As is the case with all Fortwos, the Electric Drive isn’t for everyone. Smart USA president Tracey Matura calls the target consumer a member of the “Urban Light” collective, otherwise known as a person that wants to be as eco-friendly as possible, doesn’t carry much, spends the majority of their life in the city, and has $25,750 to spend (before government tax incentives; $750 destination charge included). If they enjoy the sun’s rays, they’ll have to drop $3000 more for the Electric Drive Convertible. Yes, those price points make it the cheapest – and smallest – electric vehicle sold in the States. And those prices also make it the most expensive Smart around, trumping the Smart Fortwo Pure Coupe’s base MSRP by more than $12,000. But against the ED’s named competitor, Mitsubishi‘s $29,975 i-MiEV (not including tax incentives), it’s the obvious bargain.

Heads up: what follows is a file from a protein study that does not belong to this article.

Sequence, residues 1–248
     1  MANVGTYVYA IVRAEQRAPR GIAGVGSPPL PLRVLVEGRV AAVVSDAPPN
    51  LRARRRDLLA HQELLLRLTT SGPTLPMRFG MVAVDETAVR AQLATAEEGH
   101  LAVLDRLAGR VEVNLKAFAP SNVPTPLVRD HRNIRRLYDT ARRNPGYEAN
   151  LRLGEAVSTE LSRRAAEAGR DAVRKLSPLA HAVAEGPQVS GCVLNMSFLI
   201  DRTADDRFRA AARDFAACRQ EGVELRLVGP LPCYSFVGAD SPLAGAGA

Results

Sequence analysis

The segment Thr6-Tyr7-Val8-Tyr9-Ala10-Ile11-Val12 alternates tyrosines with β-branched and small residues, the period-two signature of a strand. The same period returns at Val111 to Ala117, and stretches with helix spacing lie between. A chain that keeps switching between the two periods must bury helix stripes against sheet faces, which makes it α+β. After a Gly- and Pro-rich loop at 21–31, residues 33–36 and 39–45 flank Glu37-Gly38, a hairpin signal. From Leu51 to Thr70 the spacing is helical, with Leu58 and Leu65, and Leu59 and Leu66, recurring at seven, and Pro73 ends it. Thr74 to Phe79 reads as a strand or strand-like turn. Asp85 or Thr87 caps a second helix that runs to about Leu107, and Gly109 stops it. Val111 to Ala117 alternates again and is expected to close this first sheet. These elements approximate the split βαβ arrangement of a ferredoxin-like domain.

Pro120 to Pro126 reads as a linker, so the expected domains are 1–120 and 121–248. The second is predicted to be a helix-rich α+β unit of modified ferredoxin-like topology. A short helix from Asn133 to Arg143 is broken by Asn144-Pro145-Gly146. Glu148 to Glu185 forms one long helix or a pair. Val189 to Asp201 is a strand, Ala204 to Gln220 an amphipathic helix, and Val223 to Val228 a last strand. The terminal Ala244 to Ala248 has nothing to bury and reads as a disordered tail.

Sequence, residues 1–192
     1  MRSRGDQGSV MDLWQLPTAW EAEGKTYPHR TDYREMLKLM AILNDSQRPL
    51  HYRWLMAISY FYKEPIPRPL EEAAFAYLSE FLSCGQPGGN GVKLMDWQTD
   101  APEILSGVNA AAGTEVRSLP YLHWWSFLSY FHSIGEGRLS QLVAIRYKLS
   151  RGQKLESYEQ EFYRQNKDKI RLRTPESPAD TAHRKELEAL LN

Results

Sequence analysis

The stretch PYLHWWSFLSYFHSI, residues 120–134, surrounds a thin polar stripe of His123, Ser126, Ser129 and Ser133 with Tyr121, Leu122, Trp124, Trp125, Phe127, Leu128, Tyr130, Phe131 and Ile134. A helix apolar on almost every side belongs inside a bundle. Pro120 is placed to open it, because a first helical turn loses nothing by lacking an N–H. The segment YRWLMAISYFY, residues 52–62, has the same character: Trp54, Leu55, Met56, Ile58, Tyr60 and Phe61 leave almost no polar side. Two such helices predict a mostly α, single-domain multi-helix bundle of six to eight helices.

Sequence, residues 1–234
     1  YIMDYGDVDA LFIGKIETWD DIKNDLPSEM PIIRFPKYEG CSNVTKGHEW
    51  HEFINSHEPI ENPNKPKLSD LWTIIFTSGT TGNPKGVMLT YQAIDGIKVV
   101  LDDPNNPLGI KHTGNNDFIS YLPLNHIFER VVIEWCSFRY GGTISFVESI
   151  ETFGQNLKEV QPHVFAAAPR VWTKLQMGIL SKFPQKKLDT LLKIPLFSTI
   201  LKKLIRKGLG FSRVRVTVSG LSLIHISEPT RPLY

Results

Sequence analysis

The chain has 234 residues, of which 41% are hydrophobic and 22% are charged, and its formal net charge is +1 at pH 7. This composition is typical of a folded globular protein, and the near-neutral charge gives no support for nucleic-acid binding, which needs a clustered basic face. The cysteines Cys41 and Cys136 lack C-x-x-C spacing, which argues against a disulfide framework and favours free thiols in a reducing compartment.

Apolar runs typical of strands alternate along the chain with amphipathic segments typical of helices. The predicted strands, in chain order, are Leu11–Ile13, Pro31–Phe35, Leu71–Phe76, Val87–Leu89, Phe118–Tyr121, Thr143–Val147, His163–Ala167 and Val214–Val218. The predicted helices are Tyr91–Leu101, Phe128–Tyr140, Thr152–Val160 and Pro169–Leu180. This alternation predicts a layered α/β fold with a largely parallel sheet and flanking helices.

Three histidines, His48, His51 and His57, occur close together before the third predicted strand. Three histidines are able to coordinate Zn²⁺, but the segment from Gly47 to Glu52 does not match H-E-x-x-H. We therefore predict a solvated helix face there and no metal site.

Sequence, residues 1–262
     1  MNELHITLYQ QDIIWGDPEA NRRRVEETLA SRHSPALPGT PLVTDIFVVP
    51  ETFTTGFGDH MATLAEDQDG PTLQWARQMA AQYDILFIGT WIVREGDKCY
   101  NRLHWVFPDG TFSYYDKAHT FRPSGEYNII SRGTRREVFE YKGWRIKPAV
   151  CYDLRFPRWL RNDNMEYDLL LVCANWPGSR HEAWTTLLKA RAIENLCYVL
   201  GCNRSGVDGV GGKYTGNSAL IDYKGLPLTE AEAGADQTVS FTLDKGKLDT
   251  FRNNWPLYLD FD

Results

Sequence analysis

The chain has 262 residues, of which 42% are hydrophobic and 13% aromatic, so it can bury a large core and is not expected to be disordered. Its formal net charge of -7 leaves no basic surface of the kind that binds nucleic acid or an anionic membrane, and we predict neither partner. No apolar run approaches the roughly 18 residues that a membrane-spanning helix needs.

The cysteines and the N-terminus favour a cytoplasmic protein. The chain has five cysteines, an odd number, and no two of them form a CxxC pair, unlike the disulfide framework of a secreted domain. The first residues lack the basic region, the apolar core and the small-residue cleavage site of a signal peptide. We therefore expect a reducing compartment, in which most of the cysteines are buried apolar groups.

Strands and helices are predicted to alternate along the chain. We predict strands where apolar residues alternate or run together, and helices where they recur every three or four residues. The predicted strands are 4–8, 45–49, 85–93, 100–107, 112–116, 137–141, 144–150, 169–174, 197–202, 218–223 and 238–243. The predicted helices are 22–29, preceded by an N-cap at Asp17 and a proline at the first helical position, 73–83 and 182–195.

The target buyers are tech-savvy, so setting up a charging schedule at home or the office via the downloadable smartphone app won’t likely be a problem. And if they’d like a bit of personalization, Smart will offer its full line of Smart Expressions and Smart Brabus Tailor Made customization programs, including wraps, decals, interior accents, and unique paints, when the ED goes on sale next spring.
Smart hopes the Fortwo Electric Drive will represent 30 percent of the brand’s total sales in 2013. Given how well the tiny ED hits the mark as a highly maneuverable, relatively cheap, and, yes, fun EV with a generous single charge range, getting plenty of “Urban Light” buyers to plug in shouldn’t be a problem.
|2013 Smart ForTwo Electric Drive|
|VEHICLE LAYOUT||Rear-engine, RWD, 2-pass, 2-door, coupe|
|MOTOR||47-74-hp/95-lb-ft AC electric|
|CURB WEIGHT||2108 lb (mfr)|
|LENGTH X WIDTH X HEIGHT||106.1 x 61.4 x 60.7 in|
|0-60 MPH||11.5 sec (mfr est)|
|EPA CITY/HWY FUEL ECON||25 / 33 mpg (est)|
|RANGE||90 miles (est)|
|ENERGY CONSUMPTION, CITY/HWY||00-00 / 00-00 kW-hrs/100 miles (est)|
|CO2 EMISSIONS||0 lb/mile (at car)|
|ON SALE IN U.S.||Spring 2013|
|*Before $7500 Federal Tax Credit|